Marketing Strategy

When to Hire an Independent Contractor for Your Team

Hiring an independent contractor can be a great move if you need results fast.

“How am I going to hire somebody that fast?”  We’ve all been there: you have an urgent need to build a new marketing capability and you know it’s going to take at least three months to hire a new team member.  But you need to launch something just weeks from now.  An independent contractor or freelancer can be a great option to bridge the gap.  Here are three great times to hire an independent contractor onto your marketing team.

You need to test a tactic

Let’s say you’ve been curious about the effectiveness of acquiring new customers with paid digital advertising. You think running ads could be a growth lever, but you won’t know until you try and see the data.  Hiring a full time manager could be risky because if the CPA is too high, you may stop running the ads.  But you’ll never know the cost and impact of paid ads unless you try!  

This would be a great time to hire an independent contractor with deep expertise and agency relationships. You could run ads and get the insights you need without making a permanent commitment.  Once you run and optimize a few tests, you’ll be much clearer on whether you need this capability in house and add a full time team member.

You need results fast

Sometimes you realize it’s you need to ramp up a new marketing capability because something changes last minute. Maybe you’ve realized there is a new channel to engage your users or your competitors make a big change. Or maybe you have a peak season and if you miss the window to launch something now, you have to wait a whole year to seize the opportunity. If the role was not already on your hiring roadmap, it could be months before you’re able to get someone hired and delivering.

When I was at Handshake, we wanted to have college campus ambassadors spread the word about our app and drive downloads. But we greenlit the program just weeks before the back-to-school season started in September.  Finding an independent contractor who had a great track record of launching ambassador programs meant that we could get the program running the next month. We could reap the benefits and get the learnings before the peak internship application window closed.  Hiring someone full time probably would have meant we would have had to delay launch for 6-12 months.

You need to pace your spending

Every hiring manager knows that they only have approval for a few new headcount at any given time.  You always have to make tradeoffs based on what functions are absolutely critical now versus what can wait.  But when you need to get a new capability going and there’s limited budget, a contractor can help.  

A good example is when companies want to get their SEO content strategy off the ground.  You may not have the budget to hire a full time writer.  But waiting until you have an FTE allocated could mean months of missed opportunity to rank in search results and drive traffic.  So you hire a freelance writer now to get the momentum going, working the hours that fit a budget you can afford. Then you make the business case for a full time employee later as your SEO traffic grows.

One more thing: how to get results when you hire an  independent contractor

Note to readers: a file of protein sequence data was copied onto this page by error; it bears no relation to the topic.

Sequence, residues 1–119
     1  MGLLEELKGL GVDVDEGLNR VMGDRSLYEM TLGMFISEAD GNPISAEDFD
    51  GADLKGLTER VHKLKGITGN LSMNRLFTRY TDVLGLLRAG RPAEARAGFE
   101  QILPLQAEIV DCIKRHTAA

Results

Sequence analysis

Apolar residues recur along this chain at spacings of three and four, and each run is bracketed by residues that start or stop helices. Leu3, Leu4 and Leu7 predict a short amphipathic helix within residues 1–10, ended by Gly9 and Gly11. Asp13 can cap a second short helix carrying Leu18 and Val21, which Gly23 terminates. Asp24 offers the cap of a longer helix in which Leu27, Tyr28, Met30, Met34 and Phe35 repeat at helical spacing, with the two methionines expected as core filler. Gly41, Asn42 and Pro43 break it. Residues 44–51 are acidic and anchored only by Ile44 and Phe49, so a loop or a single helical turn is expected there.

While your new team member may not be with your company for much longer than a few months, you’re still relying on them to drive results…fast.  So be sure to create an awesome onboarding plan that helps them ramp up quickly.  An independent contractor is expected to deliver results at the same level as the rest of the team, so they need support when they join.  Here are a few things you can do to make sure your contractor is able to do their best work:

  • Prepare an onboarding plan.  A great onboarding plan includes links to key documents, lists key meetings, and suggests intro meetings with key team members.  Plus it lays out a 30 day plan with clear goals so there’s not confusion.
  • Make sure they have the technology they need.  Sometimes contractors don’t get full access to Slack, Google Drive, team calendars, and more.  Check in over the first couple weeks to understand what they still need and help them get access.
  • Include them in team meetings and social events.  Your full time team members get important context and build relationships through the meetings (and happy hours!) you host.  Invite your contractor so they get those same benefits.
  • Check in on their work plan and milestones.  Make sure your contractor has a clear game plan to accomplish their goals and has clear milestones mapped out.  While you may want to stay hands off (they were hired to be independent, after all), you’ll still need to understand their plan and track their progress.
  • Celebrate their work and give them visibility.  Create opportunities for your independent contractor to share their results with the team.  You hired them for their unique expertise, so let your expert shine and teach the team!

Time to hire an independent contractor?

Now decide whether you should hire an independent contractor or move forward with hiring a FTE.  Being realistic about what your team needs and when is critical to making a decision.  If you’re not sure that your organization will need this role and capability forever, hiring an independent contractor can be a great option.

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I work with VC-backed startup founders and leadership teams to define the most effective marketing strategy.  I’ve built and scaled highly-engaged marketing teams, all with limited resources and tight timelines. I’m a decisive, action-oriented leader known for my empathetic style. Let's get results for your startup too. 

Allyson Letteri
Marketing Leader & Startup Advisor

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